The Orbital Sciences Corporation Antares rocket is seen on the Mid-Atlantic Regional Spaceport (MARS) Pad-0A at the NASA Wallops Flight Facility, Tuesday, April 16, 2013 in Virginia.
During the second NASA-contracted SpaceX Dragon cargo run to the International Space Station (ISS) Sunday morning (March 3, 2013), Canadian astronaut, soon-to-be ISS commander and hugely popular orbital Twitter user Chris Hadfield kept tabs on the Dragon berthing. Here are the stunning views he captured during the successful capture. Here, the Dragon capsule is grappled by the station's robotic arm -- an instrument designed and built by MDA Space Missions for the Canadian Space Agency. "Tonight's Finale: A Dragon, snared and tamed by Canadarm2. Saint George ringing in a new era in the silence of space," Hadfield tweeted. Here are some more views shared by Hadfield with the world via his Twitter account, @Cmdr_Hadfield.
The Canadarm2 awaits the arrival of the Dragon capsule. The robotic arm is the primary component of the space station's Mobile Servicing System (MSS) that was installed in 2001. The Canadarm2 provides support to astronauts on board the station -- berthing spacecraft, providing maintenance services and moving equipment around the station's exterior. "Canadarm2, proud builder of the International Space Station, in preparation for the successful grabbing of a Dragon," tweeted Hadfield.
"Dragon comes into view - first sight this morning, sneaking up on us from behind the Progress solar array," tweeted Hadfield, referring to one of the solar panels of the docked Russian Progress cargo vehicle.
"Self-portrait in the Cupola with rising Dragon below, Africa behind."
As the Dragon approached the space station, there were plenty of photo ops for the astronauts. "The Dragon spaceship high over Mount Etna - both spitting fire," said Hadfield as the spacecraft passed over the east coast of Sicily, Italy.
The SpaceX Dragon spacecraft over the Sahara Desert before space station berthing on March 3, 2013.
"Like a Praying Mantis, Canadarm2 poised to reach out and grab Dragon."
"Success! Canadarm2 holds Dragon by the nose, to drag it up and hook it on to a Station hatch," said Hadfield via his Twitter account when the Dragon was snared at 5:31 am EST Sunday morning.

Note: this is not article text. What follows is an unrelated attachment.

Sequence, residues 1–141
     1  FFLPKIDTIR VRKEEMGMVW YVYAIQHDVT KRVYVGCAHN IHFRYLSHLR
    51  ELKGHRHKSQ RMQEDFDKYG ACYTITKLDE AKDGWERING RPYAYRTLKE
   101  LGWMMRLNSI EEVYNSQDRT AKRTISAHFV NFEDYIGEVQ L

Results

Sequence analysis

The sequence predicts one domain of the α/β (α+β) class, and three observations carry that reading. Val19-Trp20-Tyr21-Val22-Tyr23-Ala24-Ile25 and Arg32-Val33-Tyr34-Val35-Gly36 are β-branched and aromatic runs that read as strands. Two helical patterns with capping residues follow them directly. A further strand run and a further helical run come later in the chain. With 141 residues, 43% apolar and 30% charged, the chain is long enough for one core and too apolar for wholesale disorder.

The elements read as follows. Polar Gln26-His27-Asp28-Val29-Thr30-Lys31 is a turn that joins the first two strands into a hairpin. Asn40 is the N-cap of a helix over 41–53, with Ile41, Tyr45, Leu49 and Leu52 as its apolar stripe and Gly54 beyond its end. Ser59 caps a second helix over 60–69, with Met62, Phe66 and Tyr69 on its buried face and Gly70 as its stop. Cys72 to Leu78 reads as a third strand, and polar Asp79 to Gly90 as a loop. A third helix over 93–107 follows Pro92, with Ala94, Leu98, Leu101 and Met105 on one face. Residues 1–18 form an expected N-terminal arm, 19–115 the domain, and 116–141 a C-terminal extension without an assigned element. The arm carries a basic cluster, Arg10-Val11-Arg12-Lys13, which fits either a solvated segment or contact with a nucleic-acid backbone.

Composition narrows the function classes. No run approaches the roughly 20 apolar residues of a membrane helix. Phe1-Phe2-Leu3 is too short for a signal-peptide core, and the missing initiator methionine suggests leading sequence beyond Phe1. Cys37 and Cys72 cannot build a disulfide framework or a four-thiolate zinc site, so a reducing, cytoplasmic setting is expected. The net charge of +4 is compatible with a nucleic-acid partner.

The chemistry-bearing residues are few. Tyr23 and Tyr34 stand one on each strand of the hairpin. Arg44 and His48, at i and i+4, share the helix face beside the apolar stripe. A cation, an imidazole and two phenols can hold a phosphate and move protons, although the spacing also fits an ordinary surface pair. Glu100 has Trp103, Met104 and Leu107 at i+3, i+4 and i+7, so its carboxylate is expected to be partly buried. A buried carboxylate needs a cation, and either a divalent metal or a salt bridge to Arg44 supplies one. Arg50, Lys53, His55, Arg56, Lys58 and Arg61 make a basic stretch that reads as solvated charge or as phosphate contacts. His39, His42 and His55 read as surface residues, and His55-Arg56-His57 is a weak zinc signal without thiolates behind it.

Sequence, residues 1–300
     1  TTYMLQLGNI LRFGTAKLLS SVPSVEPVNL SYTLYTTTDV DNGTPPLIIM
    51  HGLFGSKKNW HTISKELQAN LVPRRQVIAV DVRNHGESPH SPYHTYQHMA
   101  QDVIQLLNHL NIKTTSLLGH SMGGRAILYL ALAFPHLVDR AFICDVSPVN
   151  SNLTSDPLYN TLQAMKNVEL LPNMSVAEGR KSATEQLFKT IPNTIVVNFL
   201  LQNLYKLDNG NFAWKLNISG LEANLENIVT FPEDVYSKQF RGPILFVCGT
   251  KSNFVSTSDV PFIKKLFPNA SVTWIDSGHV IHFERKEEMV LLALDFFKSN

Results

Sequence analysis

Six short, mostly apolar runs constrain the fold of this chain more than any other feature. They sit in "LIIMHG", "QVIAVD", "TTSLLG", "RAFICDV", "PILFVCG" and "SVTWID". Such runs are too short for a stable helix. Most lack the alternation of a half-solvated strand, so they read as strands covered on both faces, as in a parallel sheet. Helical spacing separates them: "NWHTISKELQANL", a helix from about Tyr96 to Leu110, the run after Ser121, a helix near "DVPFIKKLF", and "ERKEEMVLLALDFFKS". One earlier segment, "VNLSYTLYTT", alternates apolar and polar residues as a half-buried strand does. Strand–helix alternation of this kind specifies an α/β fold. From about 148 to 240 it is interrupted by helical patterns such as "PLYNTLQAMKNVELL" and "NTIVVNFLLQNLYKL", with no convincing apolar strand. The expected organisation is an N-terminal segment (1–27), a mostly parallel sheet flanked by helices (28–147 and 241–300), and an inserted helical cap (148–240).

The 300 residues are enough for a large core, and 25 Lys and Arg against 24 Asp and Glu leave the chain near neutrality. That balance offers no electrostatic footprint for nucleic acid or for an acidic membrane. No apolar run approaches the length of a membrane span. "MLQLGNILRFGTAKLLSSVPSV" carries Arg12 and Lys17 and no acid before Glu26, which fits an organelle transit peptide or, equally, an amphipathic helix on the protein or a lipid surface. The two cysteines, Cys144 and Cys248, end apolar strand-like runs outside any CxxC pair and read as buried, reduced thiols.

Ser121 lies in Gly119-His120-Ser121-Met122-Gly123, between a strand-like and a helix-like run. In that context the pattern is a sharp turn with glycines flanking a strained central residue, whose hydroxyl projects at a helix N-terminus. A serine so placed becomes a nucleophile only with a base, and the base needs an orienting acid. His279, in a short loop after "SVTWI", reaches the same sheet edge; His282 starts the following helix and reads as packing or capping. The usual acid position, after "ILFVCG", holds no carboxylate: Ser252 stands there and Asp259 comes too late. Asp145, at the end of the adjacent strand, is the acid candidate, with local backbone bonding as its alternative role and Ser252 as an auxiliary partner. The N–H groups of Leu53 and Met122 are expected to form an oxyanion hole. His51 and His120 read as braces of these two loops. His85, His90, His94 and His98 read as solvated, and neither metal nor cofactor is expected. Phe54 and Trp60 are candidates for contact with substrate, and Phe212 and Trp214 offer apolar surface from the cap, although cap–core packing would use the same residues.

Hoping to help fill the gap left by the space shuttles’ retirement nearly two years ago, a second company plans to demonstrate a new space transportation system for sending cargo to the International Space Station.
Orbital Sciences Corp’s Antares rocket is due to lift off between 5 and 8 p.m. EDT on Wednesday from a new commercial spaceport on Wallops Island, Virginia.
The 13-story rocket is by far the largest vehicle to blast off from Wallops, better known for launching small boosters and balloons that don’t fly fast enough to go into orbit around Earth.
“A lot of people say that the American space program is in decline. Well you only have to go a couple of miles down the road to see it on the rise, literally, on the pad,” Phil McAlister, who oversees commercial spaceflight development for NASA, told reporters at a prelaunch press conference at the agency’s Wallops Flight Facility.
If successful, Orbital Sciences will join Space Exploration Technologies (SpaceX) in flying cargo to the station, a multinational research outpost, staffed by rotating crews of six astronauts, that flies about 250 miles above Earth.
Together, the companies have contracts worth $3.5 billion to keep the station stocked with food, clothing, supplies and science experiments.
Wednesday’s test flight is intended to demonstrate Orbital Sciences’ Antares rocket. The Cygnus cargo capsule will debut on second flight this summer.
Antares, like SpaceX’s Falcon 9 booster, consumes liquid fuel, but there the similarities end. SpaceX designed nearly everything on its rocket in-house. Orbital, which started as a commercial space company in 1982, turned to well-established aerospace contractors to supply the rocket’s engines and support systems.
The differences between SpaceX’s Dragon and Orbital Sciences’ Cygnus capsules are even more pronounced.
Dragon, which SpaceX is upgrading to carry people as well, is designed to return to Earth. Cygnus, like the Russian, European and Japanese cargo ships that also service the station, burns up in the atmosphere after it departs.
But the company is developing plans to keep a Cygnus in orbit for up to a year to host science instruments, sensors and other experiments.
Cygnus is larger than Dragon and can carry about 50 percent more cargo. Orbital Sciences’ agreement with NASA is for eight flights to the station, for which it would be paid $1.9 billion. SpaceX was hired for 12 cargo runs under a $1.6 billion contract.
NASA says its freighters are not in direct competition with each other.
“We saw after Columbia how tenuous our lifeline is, our toehold to low-Earth orbit and the International Space Station,” McAlister said, referring to the 2003 shuttle accident that claimed the lives of seven astronauts.
“That one tragic accident made it really very challenging to maintain (the station) during that very difficult period of time. We are in such a better situation today — and about to be even better with the debut of this capability,” McAlister said.